Treasury securities and deposits at Federal Reserve Banks may be excluded from the calculation of the supplementary leverage ratio calculation by banks and other depository institutions if they so choose, the federal banking agencies announced late Friday.
However, at least among the directors of the board for the federal insurer of bank deposits, the decision was not unanimous.
In a joint release, the Federal Deposit Insurance Corp. (FDIC), Federal Reserve Board, and the Office of the Comptroller of the Currency issued an interim final rule making temporary changes to the supplementary leverage ratio rule.
The rule sets a measure of capital adequacy that applies to large banking organizations. Generally, it covers subsidiaries of bank holding companies with more than $250 billion in total consolidated assets. It requires them to hold a minimum ratio of 3%, measured against their total leverage exposure, with more stringent requirements for the largest and most systemic financial institutions.
Under the interim rule, if a bank does choose to exclude its Treasury securities and Fed bank deposits from the ratio, the agencies said, the bank will be required to request approval from its primary federal banking regulator before making capital distributions, such as paying dividends to its parent company, as long as the exclusion is in effect.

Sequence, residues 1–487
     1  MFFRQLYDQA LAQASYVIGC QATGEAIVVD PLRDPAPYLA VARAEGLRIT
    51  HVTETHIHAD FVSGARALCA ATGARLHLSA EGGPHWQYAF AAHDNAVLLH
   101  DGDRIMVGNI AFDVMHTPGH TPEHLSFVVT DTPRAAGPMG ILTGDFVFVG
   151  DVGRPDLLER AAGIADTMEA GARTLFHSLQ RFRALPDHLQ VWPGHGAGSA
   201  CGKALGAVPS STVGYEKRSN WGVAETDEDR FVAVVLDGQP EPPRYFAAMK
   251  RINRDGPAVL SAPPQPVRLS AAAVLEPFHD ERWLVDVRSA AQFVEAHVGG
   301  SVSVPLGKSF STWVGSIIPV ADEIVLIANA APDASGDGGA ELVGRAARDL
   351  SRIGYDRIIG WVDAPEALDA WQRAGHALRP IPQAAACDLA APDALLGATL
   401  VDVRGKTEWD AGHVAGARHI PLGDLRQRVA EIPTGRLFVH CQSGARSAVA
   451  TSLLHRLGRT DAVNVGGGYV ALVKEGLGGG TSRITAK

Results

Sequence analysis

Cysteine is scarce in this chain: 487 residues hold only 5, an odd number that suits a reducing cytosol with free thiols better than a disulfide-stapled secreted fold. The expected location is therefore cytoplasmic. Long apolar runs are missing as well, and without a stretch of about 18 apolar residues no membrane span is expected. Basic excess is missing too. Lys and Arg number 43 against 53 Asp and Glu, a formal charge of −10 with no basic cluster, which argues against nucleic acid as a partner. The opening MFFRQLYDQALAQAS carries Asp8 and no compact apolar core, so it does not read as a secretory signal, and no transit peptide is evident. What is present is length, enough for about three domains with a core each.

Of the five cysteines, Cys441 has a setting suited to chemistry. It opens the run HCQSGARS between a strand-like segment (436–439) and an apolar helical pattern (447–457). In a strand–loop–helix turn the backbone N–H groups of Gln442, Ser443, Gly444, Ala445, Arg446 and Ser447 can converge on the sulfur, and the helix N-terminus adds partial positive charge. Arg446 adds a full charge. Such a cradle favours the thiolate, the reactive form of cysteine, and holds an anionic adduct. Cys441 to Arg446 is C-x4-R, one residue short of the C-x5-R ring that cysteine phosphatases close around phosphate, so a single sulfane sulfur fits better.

“The agencies are providing this temporary exclusion to enable depository institutions to expand their balance sheets as appropriate to serve as financial intermediaries and serve their customers,” the agencies said. Doing so, the agencies said, would provide credit to households and businesses “in light of the challenges arising from the coronavirus response.”
But the change was not without controversy: Martin Gruenberg, the lone appointed member to the FDIC Board (other than Chairman Jelena McWilliams), voted against the temporary exclusion of the Treasury securities and Federal Reserve bank deposits from the supplementary leverage ratio.
“Given the current severe downturn in the U.S. economy as a result of COVID-19, and the large credit losses U.S. banks may experience over the next twelve months, this is not the time to reduce significantly the leverage capital of the most systemically important banks in the United States,” Gruenberg said in a statement. “Instead, their loss absorbing capacity should be preserved, including by prohibiting capital distributions such as dividends and stock repurchases. For that reason, I will vote against this Interim Final Rule.”
The interim final rule will be effective once it is published in the Federal Register. It will be in effect through March 31, 2021. The agencies will be taking comments on the temporary change for 45 days.